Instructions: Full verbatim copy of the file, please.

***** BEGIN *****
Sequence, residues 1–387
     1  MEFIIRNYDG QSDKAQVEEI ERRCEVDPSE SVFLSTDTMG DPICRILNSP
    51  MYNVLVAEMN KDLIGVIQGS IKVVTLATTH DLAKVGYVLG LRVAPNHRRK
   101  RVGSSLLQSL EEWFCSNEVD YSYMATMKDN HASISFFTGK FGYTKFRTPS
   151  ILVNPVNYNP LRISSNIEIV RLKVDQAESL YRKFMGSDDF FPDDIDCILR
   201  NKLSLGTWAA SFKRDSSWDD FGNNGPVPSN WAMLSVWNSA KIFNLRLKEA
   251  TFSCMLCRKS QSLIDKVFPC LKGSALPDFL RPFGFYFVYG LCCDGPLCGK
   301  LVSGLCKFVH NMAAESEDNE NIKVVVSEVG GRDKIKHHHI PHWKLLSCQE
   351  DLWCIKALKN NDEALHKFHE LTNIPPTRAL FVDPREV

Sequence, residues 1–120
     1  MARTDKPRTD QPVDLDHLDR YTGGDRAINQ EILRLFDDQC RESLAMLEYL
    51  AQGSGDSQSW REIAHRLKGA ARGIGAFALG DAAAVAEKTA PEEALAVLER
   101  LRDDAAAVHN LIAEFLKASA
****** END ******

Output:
Sequence, residues 1–387
     1  MEFIIRNYDG QSDKAQVEEI ERRCEVDPSE SVFLSTDTMG DPICRILNSP
    51  MYNVLVAEMN KDLIGVIQGS IKVVTLATTH DLAKVGYVLG LRVAPNHRRK
   101  RVGSSLLQSL EEWFCSNEVD YSYMATMKDN HASISFFTGK FGYTKFRTPS
   151  ILVNPVNYNP LRISSNIEIV RLKVDQAESL YRKFMGSDDF FPDDIDCILR
   201  NKLSLGTWAA SFKRDSSWDD FGNNGPVPSN WAMLSVWNSA KIFNLRLKEA
   251  TFSCMLCRKS QSLIDKVFPC LKGSALPDFL RPFGFYFVYG LCCDGPLCGK
   301  LVSGLCKFVH NMAAESEDNE NIKVVVSEVG GRDKIKHHHI PHWKLLSCQE
   351  DLWCIKALKN NDEALHKFHE LTNIPPTRAL FVDPREV

Sequence, residues 1–120
     1  MARTDKPRTD QPVDLDHLDR YTGGDRAINQ EILRLFDDQC RESLAMLEYL
    51  AQGSGDSQSW REIAHRLKGA ARGIGAFALG DAAAVAEKTA PEEALAVLER
   101  LRDDAAAVHN LIAEFLKASA